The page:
#1
I've just checked in the sticky and I didn't really find anything like this, basically I'm finally getting my head round theory but I'm trying to see the big picture here as opposed to details then it occured to me...

...which came first, the major scale or modes?

I know this information is out there somewhere but I'm hoping someone will just know, if not it might spark some interesting discussion.

Here's how I currently understand things - and I'm aware that this may be wrong

Modes are an ancient and relatively simple compositional tool, choosing a mode is like an artist choosing a pallette of colours. The different modes all have a different feel to them, however they work best when reinforced with a pedal tone of the root note. This makes me realise that they were vital for musicians who wanted to add variety to single note melody-based music...you can play the notes of a scale in a different order but it won't necessarily change the "feel" of the music if the interval pattern remains constant.

However, were the modes originally derived from the major scale, was the major scale created as a way to tie all the modes together or is it just a happy accident that the 7 modes can all be found by starting the major scale pattern of intervals from different notes?

AFAIK modal music predates the more complex idea of harmony, which led to the widespread use of chords and intervals to dictate the feel and mood of a piece, which meant that melody lines were freed from the chore of defining a piece and could instead be used more for embellishment and accent. That development would have left modes somewhat redundant as a compositional tool as they weren't designed to cope with complex chord patterns (because they didn't exist!), hence the expansion of the major scale to full chords...but was the major scale "the major scale" before it was expanded to chords, or was it just that the notes of the plain old ionian mode happened to work best when music convention wished to choose a reference point?

Given that modern music tends to follow the more recent convention of using chords it becomes very tricky to apply modes , and from a musical point of view you can't simply "transplant" modes into any old piece because unless everything else around it fits then musical convention will dictate that you're actually playing something else even if the notes are the same. If you listen to Satriani, for example, he writes some complex rhythms, but quite often for solos things will simplify right down to emphasise the "modality" of that particular snippet.

Like I said, I *think* this is finally all falling into place, but I'm curious as to where it all came from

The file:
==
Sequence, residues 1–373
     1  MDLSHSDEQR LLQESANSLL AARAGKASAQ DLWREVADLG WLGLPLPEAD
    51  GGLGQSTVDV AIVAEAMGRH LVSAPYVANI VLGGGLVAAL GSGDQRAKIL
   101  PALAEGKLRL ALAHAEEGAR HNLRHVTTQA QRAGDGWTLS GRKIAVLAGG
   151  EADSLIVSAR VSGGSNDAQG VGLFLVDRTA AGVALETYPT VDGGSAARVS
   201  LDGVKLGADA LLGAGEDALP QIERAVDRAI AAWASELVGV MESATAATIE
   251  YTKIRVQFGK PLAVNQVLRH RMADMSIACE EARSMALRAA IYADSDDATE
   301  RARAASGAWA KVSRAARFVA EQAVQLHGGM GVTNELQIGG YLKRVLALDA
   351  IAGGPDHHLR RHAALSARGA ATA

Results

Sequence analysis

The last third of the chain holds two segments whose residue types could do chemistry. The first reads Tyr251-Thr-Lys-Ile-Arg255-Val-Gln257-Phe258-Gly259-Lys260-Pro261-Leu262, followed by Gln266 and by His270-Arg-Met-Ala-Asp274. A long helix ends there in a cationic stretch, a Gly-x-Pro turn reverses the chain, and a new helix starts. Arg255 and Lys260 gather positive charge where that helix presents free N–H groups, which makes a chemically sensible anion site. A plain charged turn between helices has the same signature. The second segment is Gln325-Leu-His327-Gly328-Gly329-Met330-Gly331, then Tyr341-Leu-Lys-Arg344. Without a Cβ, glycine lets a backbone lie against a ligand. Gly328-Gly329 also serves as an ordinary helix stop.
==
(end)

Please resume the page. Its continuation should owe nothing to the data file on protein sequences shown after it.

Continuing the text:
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#2
Modes came first. They were originally Church modes used in hymns and such where Dorian starts on D and goes to the next D with no key signature. Phrygian on E with no key, etc. The major scales then derived from that.

I hope I answered your question. Not sure.
#4
Quote by USCpunk88
Modes came first. They were originally Church modes used in hymns and such where Dorian starts on D and goes to the next D with no key signature. Phrygian on E with no key, etc. The major scales then derived from that.

I hope I answered your question. Not sure.

That's what I thought - it seemd logical that they did but I wasn't 100% sure...I'm hoping some people will read this and it'll help them understand modes a bit more. I think there's far too much emphasis on them in the guitar community, they're like this magic word that people bandy around when they want to sound clever. They're still useful for analyzing music, but as far as I can tell from a compositional point of view a lot of what they were used for can be accomplished with a good knowledge of the major scale and chord construction.
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#5
Yeah, I'm majoring in Music and I'm taking a class now, The History of Western music up to the Baroque period and we're learning about all the modes that were used as a basis for the songs used in the Mass and other Church services.
#6
Seeing as how modes and the major scale are the exact same thing, neither was invented before the other. Each mode is just the major scale of a specific key starting on a different note.
Ionian starts on the 1st note of the major scale.
Dorian starts on the 2nd note of the major scale.
Phrygian starts on the 3rd note of the major scale.